Home Top attractions Bell Tower in St Mark’s Square: Admission, Opening times & Info

Bell Tower in St Mark’s Square: Admission, Opening times & Info

Bell Tower in St Mark’s Square | The famous Venetian Bell Tower or Campanile is 98.6 meters high and thus the highest building in Venice. Campanile is the name given to a bell tower that is located next to a church building but is not integrated into the church.

Originally the tower was a lighthouse, today it is the symbol of the city, which is often called El paron de casa (Lord of the house).

The History of the Bell Tower

The History of the Bell Tower

The construction of the tower began between 888 and 911, with work being interrupted several times and finally completed under Tribuno Memmo. In 1172, the so-called sound arcades were added and redesigned in 1329. Finally, in 1510, the spire was added and seven years later a statue depicting the Archangel Gabriel was added.

Lightning strikes and earthquakes damaged the tower several times, and in 1902 the Campanile collapsed due to large cracks caused by the installation of an elevator. On the evening of the collapse, the town council decided to rebuild the tower and in 1912 it was inaugurated.

On the Thursday before Rose Monday, the so-called Flight of the Angel takes place here, an old carnival tradition in which an angel is lowered from the Campanile. Today the sandy ground still causes problems, during the last renovation the foundation got a titanium support ring because a second time the Campanile should not collapse in any case.

You can also learn a lot about the history of the St. Mark’s Tower on an unusual tour through a hidden Venice, also possible in combination with a gondola ride.

Admission fees for the Bell Tower

Here is a list of all available tickets for the Bell Tower. The skip-the-line ticket can be purchased for € 18.50. Children from 0-5 years have free admission. Minors whom an adult does not accompany are not admitted. Further exciting offers can be found in this table.

Bell TowerPrice*Online Tickets
Skip-the-Line Ticket18.50 €Book online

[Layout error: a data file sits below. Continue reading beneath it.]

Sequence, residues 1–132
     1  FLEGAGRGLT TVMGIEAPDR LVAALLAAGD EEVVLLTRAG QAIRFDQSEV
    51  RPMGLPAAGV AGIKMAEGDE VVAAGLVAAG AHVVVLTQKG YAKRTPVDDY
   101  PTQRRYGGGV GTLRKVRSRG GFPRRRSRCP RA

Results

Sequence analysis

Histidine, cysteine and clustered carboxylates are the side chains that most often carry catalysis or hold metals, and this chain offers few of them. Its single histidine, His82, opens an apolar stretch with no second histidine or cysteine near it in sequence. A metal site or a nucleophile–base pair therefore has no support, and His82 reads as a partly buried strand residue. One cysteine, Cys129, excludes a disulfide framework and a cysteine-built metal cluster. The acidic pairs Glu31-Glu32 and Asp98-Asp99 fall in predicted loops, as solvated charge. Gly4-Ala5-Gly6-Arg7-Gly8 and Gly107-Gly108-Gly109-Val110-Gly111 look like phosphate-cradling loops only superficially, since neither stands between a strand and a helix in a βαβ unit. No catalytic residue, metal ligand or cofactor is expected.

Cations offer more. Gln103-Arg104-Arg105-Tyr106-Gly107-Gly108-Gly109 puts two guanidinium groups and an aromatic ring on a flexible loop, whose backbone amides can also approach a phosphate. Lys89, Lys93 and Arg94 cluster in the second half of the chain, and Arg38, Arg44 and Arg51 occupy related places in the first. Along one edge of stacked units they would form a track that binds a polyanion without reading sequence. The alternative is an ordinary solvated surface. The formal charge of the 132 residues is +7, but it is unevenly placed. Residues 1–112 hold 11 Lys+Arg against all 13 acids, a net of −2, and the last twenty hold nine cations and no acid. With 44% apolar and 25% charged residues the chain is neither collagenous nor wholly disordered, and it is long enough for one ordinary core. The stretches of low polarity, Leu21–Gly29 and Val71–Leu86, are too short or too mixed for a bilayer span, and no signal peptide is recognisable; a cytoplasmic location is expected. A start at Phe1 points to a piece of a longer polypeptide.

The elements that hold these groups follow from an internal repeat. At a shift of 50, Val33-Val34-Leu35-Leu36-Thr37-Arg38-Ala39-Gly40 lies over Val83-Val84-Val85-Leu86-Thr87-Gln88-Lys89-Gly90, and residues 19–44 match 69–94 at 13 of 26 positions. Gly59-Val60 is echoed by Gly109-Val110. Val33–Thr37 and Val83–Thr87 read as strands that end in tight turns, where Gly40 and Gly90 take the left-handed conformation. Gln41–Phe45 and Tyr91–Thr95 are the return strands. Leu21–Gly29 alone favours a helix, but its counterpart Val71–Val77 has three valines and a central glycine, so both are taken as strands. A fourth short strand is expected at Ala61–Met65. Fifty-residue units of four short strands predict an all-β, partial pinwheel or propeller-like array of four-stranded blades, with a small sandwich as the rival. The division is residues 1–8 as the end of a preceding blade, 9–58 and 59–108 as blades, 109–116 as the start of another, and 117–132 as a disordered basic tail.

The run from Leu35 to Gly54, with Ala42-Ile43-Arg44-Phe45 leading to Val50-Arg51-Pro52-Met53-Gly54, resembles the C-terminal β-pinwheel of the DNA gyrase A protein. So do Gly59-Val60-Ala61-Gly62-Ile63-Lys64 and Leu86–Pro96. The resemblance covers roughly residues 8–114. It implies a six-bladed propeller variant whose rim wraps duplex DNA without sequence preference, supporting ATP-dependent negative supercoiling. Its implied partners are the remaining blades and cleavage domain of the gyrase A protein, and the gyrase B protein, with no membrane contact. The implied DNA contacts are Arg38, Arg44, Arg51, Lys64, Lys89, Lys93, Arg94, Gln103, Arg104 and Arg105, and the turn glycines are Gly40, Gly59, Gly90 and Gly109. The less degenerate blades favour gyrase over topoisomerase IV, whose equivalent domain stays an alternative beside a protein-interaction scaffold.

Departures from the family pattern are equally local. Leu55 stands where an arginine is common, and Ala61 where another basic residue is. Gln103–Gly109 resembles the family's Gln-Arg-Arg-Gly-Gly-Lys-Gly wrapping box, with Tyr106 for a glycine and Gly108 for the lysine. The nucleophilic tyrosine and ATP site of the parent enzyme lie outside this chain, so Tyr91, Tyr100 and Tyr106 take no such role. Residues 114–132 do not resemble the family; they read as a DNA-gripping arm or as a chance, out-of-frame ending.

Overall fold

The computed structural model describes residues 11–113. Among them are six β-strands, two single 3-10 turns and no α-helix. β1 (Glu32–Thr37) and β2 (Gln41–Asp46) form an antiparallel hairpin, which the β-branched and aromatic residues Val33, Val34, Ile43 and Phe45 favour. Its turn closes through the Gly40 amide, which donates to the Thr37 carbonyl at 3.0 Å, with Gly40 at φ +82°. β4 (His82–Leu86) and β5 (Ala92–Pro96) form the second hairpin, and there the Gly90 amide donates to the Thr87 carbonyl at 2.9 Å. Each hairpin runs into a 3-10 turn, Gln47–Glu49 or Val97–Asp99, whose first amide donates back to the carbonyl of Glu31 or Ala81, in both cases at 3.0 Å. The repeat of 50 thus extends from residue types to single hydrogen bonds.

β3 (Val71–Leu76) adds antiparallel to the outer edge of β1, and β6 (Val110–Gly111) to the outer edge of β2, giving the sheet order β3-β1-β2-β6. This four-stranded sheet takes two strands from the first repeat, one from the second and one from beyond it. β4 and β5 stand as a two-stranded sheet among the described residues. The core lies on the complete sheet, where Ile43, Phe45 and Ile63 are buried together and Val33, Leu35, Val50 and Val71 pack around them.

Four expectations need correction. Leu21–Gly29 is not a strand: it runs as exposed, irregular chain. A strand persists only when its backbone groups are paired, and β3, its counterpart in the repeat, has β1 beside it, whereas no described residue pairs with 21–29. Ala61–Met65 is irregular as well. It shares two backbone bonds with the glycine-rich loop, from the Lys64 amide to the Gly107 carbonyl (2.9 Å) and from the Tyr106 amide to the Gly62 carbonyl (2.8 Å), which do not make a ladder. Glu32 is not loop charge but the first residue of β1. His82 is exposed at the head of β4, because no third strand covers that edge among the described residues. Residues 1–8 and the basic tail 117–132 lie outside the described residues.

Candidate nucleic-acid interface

🎟️ Bestseller
Doge's Palace + St. Mark's Campanile
46.50 €Book online
Venice Views: Pisani,
St.Mark's Basilica & Bell-Tower
66.00 €Book online
St.Mark's Square Pass77.00 €Book online

Remember that even with a skip-the-line ticket, you may have to queue. Waiting times can vary greatly. Depending on the time of day, day of the week, weather, and season, the queue can sometimes be very long and there have been waiting times of several hours.

Especially in the warmer months, it is important to remember to wear suitable sun protection, to have enough water, and, above all, to be considerate of children.

🎟️ A reservation in connection with the Doge’s Palace is also possible directly. Along with St. Mark’s Basilica, both are among the top sights of the lagoon city.

Doge’s Palace + Campanile – Combination Ticket

Opening hours of the Campanile – Bell Tower

The opening hours of St. Mark’s Cathedral and the bell tower are not necessarily identical. Especially in the long summer nights, it is worth mentioning the possibility of watching Venice from above until 21:00.

CampanileOpening timesLast admission
January to December9:30 a.m - 9:15 p.m8:45 p.m

However, all opening times are subject to change. Changes are also possible at any time due to weather conditions.

The bells of Campanile

Bell Tower in St Mark's Square

Everywhere in Venice, you can hear the five bronze bells, which had different functions at the time of the republic. The Maleficio and Renghiera bells were used to announce executions, the Nonna sounded at noon, the Senators were called by the Mezza Terza to the Doge’s Palace, and the beginning of the session was announced with the help of the Trottiera.